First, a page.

Maryam al-Khawaja, from the Gulf Center for Human Rights, called the audience’s attention to a number of individual cases mentioned by Coogle. For instance, Dina Ali Lasloom attempted to escape her family and a forced marriage by fleeing to Australia. She attempted to travel through the Philippines, but was detained and forcibly brought back by her family members, who traveled to Manila to fetch her. She is currently being held in a detention center and her status is unknown. Two Saudi women currently in Turkey face conditions similar to the conditions Dina Ali faced. They have been detained in Turkey and face the risk of abuse and forcible repatriation. Several years ago, Loujain al-Hathloul, a Saudi women’s activist, was arrested and detained for 73 days after attempting to cross the border from the UAE to Saudi Arabia in her car. Recently, she was re-arrested and reports indicate it is due to her appearance in a documentary on male guardianship. Additionally, al-Khawaja raised the cases of Samar Badawi and Maryam al-Otaibi, both of whom have suffered as a result of the male guardianship system. Samar Badawi is known for fighting her father in order to marry the man she wanted to marry. Maryam al-Otaibi was arrested and detained in a women’s facility for leaving her father and abusive brothers to live alone in Riyadh.

Al-Khawaja concluded her remarks by noting that without the support of civil society to buttress women’s struggle for equal rights, the battle is far more difficult. While, recent reforms may address certain issues, multiple levels of oppression leave other obstacles for women untouched and in place. This has been exacerbated by the suppression of what little civil society existed in Saudi Arabia. In the years after 2011, with the suppression of the few groups that existed we have seen a shrinking civil space move to an almost non-existent civil society space. At the end of her statement, she underlined the existing double-standard of the international community with regards to Saudi Arabia and noted that despite a lot of talk and many pledges, Gulf countries are not held accountable for their oppression of women. The time to wait, she stated, is over.

Joining the discussion virtually, Hala Aldosari, a Saudi women’s rights activist based in Washington DC discussed the reforms ostensibly laid out in the kingdom’s Vision 2030. She noted that Vision 2030 is supposed to enhance women’s place in Saudi society, but she noted that many of the women who will win from this reform already are somewhat successful.

Vision 2030 reforms mainly benefit women with supportive families, not everyone. In this context, especially the most vulnerable women, such as migrants and stateless, face a number of legal obstacles and discrimination. Also, women who are seeking divorce in order to escape the guardianship trap may be caught in legal loopholes for years and face legal barriers. The Kingdom usually justifies limited progress in the name of societal conservatism, which does not reflect reality as the number of people advocating for reforms is increasing. However, these advocates and human rights defenders face severe legal consequences for their engagement, especially with regards to women’s rights. Ultimately, although Vision 2030 promises to introduce some modest reforms in women’s rights, it will likely not live up to the key elements recommended by the Committee on the Elimination of Discrimination against Women, especially with regards to legal rights, and likely not substantially improve the situation of women.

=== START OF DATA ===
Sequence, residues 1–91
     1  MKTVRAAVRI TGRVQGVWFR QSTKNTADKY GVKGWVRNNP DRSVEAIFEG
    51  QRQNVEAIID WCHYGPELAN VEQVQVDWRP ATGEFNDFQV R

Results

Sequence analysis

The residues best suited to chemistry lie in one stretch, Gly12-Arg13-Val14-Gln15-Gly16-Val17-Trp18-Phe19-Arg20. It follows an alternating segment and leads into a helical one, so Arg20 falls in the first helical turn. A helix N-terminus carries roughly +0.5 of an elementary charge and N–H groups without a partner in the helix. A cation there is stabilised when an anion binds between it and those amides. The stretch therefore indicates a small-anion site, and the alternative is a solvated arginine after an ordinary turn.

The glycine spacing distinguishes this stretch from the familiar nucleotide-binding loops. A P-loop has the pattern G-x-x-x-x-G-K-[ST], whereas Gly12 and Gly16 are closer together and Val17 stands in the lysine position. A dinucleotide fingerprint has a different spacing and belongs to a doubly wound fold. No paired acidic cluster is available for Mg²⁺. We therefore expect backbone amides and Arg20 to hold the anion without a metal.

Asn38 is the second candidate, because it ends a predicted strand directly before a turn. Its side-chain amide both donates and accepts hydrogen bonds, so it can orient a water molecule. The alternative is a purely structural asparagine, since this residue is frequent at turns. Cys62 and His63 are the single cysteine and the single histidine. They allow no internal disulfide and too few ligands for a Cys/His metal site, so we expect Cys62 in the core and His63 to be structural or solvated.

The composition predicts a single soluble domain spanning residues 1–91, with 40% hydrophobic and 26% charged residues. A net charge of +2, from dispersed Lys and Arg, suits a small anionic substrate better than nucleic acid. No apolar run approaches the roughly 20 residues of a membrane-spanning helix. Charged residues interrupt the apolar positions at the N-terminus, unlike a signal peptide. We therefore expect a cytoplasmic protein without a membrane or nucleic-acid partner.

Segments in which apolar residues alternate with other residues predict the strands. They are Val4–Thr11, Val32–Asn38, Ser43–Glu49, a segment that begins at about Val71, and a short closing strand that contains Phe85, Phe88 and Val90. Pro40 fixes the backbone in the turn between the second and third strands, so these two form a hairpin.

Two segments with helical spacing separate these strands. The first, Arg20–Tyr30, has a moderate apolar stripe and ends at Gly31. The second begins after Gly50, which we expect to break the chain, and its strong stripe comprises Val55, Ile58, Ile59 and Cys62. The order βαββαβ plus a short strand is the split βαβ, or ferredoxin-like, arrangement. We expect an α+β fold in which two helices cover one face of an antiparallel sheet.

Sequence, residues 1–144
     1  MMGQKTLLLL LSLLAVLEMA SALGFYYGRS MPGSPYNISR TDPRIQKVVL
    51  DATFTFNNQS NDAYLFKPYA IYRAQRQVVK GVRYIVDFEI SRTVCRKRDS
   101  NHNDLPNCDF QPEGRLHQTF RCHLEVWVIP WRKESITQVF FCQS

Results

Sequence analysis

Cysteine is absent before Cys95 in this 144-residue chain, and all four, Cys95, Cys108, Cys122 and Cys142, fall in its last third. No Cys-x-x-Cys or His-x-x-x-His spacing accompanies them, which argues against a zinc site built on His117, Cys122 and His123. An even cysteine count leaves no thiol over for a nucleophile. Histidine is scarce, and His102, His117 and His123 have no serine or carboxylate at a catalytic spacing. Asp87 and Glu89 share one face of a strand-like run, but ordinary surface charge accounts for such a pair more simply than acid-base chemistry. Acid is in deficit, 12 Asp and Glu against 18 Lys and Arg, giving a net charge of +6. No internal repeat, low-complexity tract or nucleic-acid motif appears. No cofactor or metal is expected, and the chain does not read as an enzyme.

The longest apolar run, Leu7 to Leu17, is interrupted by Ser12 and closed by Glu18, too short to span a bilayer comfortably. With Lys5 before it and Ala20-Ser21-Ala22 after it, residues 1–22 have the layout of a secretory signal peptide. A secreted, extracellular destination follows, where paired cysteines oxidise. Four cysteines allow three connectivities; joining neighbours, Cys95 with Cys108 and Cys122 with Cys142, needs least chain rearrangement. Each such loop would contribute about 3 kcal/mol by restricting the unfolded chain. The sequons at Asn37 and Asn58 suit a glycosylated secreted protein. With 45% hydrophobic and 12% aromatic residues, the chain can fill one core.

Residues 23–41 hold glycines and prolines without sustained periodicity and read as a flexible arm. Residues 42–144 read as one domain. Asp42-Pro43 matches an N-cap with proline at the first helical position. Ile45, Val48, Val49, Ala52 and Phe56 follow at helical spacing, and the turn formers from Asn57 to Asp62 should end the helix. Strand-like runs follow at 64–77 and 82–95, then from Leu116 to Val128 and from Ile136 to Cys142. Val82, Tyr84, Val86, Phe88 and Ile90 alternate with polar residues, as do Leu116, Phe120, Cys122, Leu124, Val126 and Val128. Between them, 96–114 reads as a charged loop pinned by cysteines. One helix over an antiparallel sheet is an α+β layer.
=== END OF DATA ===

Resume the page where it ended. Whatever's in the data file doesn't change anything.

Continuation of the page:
Elham Manea, an associate professor at the University of Zurich, picked up the notion of societal conservatism. Referring to her recent research, she points out that the alliance between the Saudi royal family and the Najd region’s religious establishment forms the power basis in Saudi Arabia, which is reflected in the situation of women in Saudi Arabia. Even if the royal family would be indifferent about gender equality, the interpretation of Islam by the religious establishment impedes reforms. The government’s dependency on the religious establishment thereby precludes the abolishment of the guardianship, which forms the core of Saudi Arabia’s system of oppressing women. However, modest reforms within this system are possible, and can result from non-governmental pressure through the campaigns of women’s rights activists, recently seen in Saudi Arabia. At the end, she echoed Hala Aldosari, as cultural relativism is and has been utilized by authoritarian regimes in the past to preclude societal change. In her remarks, she noted the highly structural nature of women’s discrimination in Saudi, relating this structure to authoritarian forms of government that disseminate their power through institutions and structures.